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Pawnee Heights display mesmerizes audience
COURTESY PHOTO Pawnee Heights students and teachers enjoy displaying their work at the schools second annual Academic Fair and Open House recently. Visitors enjoyed the variety of work, ranging to Elena Stolls project that determined whether household items could be found to design a mechanical hand on a $20 budget.

ROZEL — Pawnee Heights students and teachers dazzled the audience with pictures and graphics during the school’s second annual Academic Fair and Open House.
The Academic Fair is the brain child of Jeana Parker, the science instructor at PHS, but everyone in the PHS family brings something to the event.  
When it is all out there on display, even the students are a little amazed at all they have created and learned this year.
Visitors were greeted by Jejelee, the camel, still covered in her Prom 2013 blanket, and a host of stuffed tigers (the school mascot) taken from the collection in the school library.
The staff started the evening at 4:45 p.m. with hamburgers that Pawnee Heights Principal/Superintendent Dan Binder picked up from the Main Street Bar & Grill just down the block. Then the crew made their way back to their rooms and displays in time to start the all-school event.
Every hallway was covered with pictures, graphics, displays and some fine media samples, as well as a graphic puzzle by the science room that no one actually was able to solve during the evening.  
There were just too many other things going on to stop and think long enough on how to put those pipes together to go from the water fountain up to the fish tank.
There were several demonstrations of the magic of science in the science room proper.  
Along the east hallway hung some of the great artwork our students are able to do in Kristen Hammeke’s art classes.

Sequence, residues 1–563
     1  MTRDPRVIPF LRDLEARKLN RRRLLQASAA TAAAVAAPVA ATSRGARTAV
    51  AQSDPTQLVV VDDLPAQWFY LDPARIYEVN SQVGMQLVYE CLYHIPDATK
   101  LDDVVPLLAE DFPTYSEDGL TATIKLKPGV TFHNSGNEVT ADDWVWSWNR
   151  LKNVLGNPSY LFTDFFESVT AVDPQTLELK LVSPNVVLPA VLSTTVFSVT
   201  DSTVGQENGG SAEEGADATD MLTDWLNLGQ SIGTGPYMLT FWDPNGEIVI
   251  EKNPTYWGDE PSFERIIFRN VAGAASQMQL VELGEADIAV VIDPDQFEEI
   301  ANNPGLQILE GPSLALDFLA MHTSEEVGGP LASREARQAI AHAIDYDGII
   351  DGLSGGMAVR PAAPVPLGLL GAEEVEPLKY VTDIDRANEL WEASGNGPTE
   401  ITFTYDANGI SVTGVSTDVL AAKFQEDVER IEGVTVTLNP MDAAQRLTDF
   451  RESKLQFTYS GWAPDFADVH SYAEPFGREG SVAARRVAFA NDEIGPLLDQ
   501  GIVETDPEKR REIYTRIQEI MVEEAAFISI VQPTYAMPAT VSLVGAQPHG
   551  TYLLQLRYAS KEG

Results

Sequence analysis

The gym held all kinds of displays made by the students and teachers.  There was a model of the Pyramids of Giza, to a test you could take about your “Kansas Facts.”
If you still wanted to challenge your brain, there was a “Science is Art” match-up quiz and “Physics Brain Busters.”
There were musical numbers played in the gym, and fourth graders could go to the music room and decide which instrument they would really like to play next year.  There were FACS projects (like a huge pillow) on the west side of the gym.
Seventeen science projects, from a homemade articulated hand (created by Elena Stoll), to plants growing in different types of liquid (by Mia Stinemetz), to a foam hovercraft designed by Allison Lupfer, lined the center of the gym.  
The advanced biology class displayed their dogfish shark dissection project — fortunately the really rank aroma that had been part of this project during the week before had disappeared — and they also showed the partially reconstructed skeletal remains of what they assumed may have been a raccoon.  
The sophomore biology class displayed their scavenger hunt project — all kinds of things that fit a long list items given to them by their teacher, Mrs. Parker.
The freshmen had a musical instrument they designed — a “pipiano”— pipes of different lengths that one could hit and make different sounds.  They even played the theme song from the “Big Bang Theory.”
Mark Pywell’s social science room also had government games and “Xtranormal” videos.
Lee Durler’s English room displayed Wordles made by the freshmen and sophomores, a crazy story about a squirrel written by the seniors to display their vocabulary skills, and idea books and stories about America’s favorite pastime (whatever that might be) written by the 8th graders.  There were also quite a few free books.  
Tim Seltmann’s math room displayed this quarter’s math projects done by each of the math students.  All the grade school rooms had displays of all kinds of activities inside and outside of their room.
Outside of the school proper, there was a remote submersible and a chance to navigate an underwater obstacle course.  There were two model rocket launches, however the second was a little off due to the increasing winds here in western Kansas.  
In the metal shop, Bob Lupfer was cutting small tiger heads with the plasma cam/cutter that he gave away to anyone who wanted one.
Everyone had a chance to visit with their student’s teachers, and see what Pawnee Heights has to offer.